Q. I’m a trucker driver. Or I was, for over 15 years. Now I am not because I got laid off over a year ago. I enjoyed some time off, collected unemployment, and figured I’d have a job by now. The unemployment extensions have kept me above water, but just barely. I have been looking for a job, but all the job search stuff you write about doesn’t seem to work for people with my kind of job. Plus, all the online applications ask for my social security number. That doesn’t sound right. Is it a scam? It’s time to make some money, and get back to work. Do you have advice for regular jobs?
A. Looking for any job from truck driver to human resources professional to company CEO is a challenge in this economy. Believe it or not, most of the job search methods are the same for any type of job, and there are some adjustments which might make the process more effective.
First, identify all the resources available to you for job search help. You will need to use all avenues including online job boards, industry and networking events, etc. for your search to be successful. Many job seekers choose to use one method at a time, and then see what happens. You need to follow multiple paths to make things move ahead.
You have filed for unemployment insurance, so you are getting financial support. Have you used their services and support to write a detailed resume? In your line of work, the information around dates, certifications, and any awards for attendance, or safe driving all matter. Ensure the accuracy of this information. I am sure you are aware that you can buy a copy of your Department of Transportation Records for about $40 online. You need to make sure all information matches.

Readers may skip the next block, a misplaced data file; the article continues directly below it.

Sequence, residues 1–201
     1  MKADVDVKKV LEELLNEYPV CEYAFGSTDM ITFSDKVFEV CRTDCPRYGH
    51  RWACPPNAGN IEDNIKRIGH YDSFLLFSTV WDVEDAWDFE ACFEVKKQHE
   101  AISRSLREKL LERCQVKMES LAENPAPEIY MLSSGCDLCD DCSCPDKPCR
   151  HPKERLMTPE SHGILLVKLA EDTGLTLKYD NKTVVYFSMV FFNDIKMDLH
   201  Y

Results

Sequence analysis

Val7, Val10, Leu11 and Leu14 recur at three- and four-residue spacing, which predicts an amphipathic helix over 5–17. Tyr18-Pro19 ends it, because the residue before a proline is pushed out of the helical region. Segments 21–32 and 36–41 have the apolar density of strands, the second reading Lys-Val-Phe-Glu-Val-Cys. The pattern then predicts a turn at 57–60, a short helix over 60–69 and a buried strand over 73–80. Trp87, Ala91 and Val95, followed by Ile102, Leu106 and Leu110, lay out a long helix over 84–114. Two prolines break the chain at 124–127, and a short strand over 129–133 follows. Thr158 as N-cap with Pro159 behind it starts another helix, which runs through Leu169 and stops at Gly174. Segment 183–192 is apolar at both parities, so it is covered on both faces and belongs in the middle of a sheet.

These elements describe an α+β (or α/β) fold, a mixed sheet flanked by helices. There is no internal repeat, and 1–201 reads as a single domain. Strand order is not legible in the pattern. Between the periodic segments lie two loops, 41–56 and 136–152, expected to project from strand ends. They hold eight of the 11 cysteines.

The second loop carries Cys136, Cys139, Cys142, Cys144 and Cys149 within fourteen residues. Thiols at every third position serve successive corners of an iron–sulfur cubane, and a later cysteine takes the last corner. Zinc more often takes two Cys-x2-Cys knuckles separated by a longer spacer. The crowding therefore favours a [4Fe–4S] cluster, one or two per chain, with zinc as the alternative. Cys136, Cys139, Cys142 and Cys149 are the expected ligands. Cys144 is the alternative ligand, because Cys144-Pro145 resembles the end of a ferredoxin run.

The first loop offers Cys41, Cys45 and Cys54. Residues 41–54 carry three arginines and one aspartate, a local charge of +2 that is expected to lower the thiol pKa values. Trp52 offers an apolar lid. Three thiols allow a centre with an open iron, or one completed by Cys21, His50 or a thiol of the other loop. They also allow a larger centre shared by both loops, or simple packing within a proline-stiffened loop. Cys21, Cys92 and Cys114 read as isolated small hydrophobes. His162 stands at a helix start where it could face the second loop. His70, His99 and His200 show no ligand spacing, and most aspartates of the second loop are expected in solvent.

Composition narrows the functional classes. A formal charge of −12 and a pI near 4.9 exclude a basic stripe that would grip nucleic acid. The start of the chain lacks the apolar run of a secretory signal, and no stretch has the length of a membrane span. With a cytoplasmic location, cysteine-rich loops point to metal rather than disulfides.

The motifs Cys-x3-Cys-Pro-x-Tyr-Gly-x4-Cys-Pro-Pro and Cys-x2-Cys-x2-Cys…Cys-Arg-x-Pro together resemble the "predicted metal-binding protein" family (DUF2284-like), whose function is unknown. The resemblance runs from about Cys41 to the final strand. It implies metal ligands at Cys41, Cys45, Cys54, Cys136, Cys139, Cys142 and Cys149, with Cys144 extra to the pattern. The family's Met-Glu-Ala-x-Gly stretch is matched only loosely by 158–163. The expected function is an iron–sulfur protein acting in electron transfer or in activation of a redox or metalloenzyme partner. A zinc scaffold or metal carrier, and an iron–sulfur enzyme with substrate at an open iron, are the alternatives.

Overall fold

Be careful with your social security number. This information is used to identify your driving record and proceed with caution on how you use it. If you find an organization which feels like a scam, or presents you with placement opportunities they want to charge you for that, don’t pursue it. I also encourage you to file complaints with the Better Business Bureau if you feel mislead.
Were you part of a union in any of your jobs? Unions can often help current or former members to find new opportunities. Even if you were not a member of a union, these connections can support your job search. I encourage you to meet with leadership and other members. They will have a host of information, and be able to introduce you to other people who may have lots of information to share about job leads and other professional connections.
Many people think networking only applies to senior business people, but it is vital to every job seeker’s success. Networking is connecting with others to learn more about what the marketplace looks like, and to see who else you should reach out to. It applies to you.
Make sure you network, use Craigslist, look at the job boards, and talk to everyone you know about others they know in the transportation business.
There are many kinds of driving jobs, paid in many different ways, and in this market, it will take perseverance, and plenty of referrals to get you to the right hiring organization.